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Children born to opiate-dependent women engaged in methadone maintenance treatment are at high risk of child welfare concern. However, few studies have examined the early child protection service (CPS) contacts of this group or the risk factors that place some but not other mother–infant dyads at increased risk of serious concern resulting in the removal of the child from the family home. As part of a prospective longitudinal study based in New Zealand, 73 women enrolled in methadone maintenance treatment during pregnancy and 54 non-methadone maintained comparison mothers were recruited during pregnancy and interviewed close to delivery, 18-months and 4.5-years. At each follow-up evaluation, detailed life history methods were used to describe children's family circumstances and all CPS contacts. By 4.5-years postdelivery, methadone maintained mothers were ten-times more likely to have been investigated by child protection services than comparison mothers (59% v. 6%, p < .001). Of these contacts, almost half (44%) resulted in the removal of the child from the family home compared to no comparison children (p < .001). These children were most frequently placed before age 1, with an average of 1–2 caregiver changes (range: 0–7). In addition to maternal methadone maintenance treatment during pregnancy (p < .001), significant independent predictors of child out-of-home placement included maternal depression (p = .01), maternal history of child custody loss (p = .02), and to some extent, high levels of family socioeconomic adversity (p = .06). Findings highlight the complex psychosocial needs of this high-risk group, as well as the need for careful monitoring and parenting support following hospital discharge.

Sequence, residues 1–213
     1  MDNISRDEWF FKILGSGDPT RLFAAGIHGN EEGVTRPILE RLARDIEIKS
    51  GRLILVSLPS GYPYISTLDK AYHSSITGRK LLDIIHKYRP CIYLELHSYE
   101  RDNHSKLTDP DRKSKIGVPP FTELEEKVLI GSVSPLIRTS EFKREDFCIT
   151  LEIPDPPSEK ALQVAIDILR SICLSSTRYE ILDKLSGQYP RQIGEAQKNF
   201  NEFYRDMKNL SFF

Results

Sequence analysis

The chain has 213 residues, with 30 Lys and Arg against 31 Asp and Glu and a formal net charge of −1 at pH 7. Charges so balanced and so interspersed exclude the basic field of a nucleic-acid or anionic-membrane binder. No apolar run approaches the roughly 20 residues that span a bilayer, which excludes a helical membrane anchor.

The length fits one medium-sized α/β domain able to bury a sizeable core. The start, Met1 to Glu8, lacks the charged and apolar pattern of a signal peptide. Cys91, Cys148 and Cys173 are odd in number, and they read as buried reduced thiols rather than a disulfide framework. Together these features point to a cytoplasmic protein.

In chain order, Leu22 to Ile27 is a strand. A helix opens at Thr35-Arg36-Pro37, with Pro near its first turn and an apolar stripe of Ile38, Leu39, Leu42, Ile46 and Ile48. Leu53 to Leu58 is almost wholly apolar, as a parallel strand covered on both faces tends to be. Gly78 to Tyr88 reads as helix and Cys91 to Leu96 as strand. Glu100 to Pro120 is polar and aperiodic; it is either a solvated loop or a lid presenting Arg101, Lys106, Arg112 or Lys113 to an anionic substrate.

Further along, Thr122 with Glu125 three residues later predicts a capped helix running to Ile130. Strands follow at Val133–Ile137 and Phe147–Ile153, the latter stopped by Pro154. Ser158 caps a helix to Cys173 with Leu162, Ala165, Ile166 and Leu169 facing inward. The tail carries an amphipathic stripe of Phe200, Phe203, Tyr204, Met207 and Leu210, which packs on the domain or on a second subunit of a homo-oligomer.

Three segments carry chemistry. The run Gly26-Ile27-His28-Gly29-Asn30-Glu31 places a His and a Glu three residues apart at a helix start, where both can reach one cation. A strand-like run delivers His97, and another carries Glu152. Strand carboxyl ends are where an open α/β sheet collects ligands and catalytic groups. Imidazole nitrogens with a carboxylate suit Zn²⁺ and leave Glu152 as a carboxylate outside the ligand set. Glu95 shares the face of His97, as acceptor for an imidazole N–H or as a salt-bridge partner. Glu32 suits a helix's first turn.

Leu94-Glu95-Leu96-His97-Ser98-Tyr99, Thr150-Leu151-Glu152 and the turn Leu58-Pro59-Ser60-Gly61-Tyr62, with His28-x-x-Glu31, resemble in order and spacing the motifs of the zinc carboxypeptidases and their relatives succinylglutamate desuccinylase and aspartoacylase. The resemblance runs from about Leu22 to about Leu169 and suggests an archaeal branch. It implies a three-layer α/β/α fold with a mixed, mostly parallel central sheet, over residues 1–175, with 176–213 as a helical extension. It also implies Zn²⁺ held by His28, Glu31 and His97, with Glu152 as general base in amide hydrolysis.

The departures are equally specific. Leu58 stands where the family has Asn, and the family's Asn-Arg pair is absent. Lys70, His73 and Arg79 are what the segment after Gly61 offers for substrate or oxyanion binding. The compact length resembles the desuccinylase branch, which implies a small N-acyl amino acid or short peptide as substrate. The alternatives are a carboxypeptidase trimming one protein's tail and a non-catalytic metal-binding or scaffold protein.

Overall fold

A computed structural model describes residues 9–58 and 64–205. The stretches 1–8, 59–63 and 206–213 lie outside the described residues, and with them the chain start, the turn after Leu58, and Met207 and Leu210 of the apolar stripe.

Institute for Learning Sciences and Teacher Education

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Journal Article

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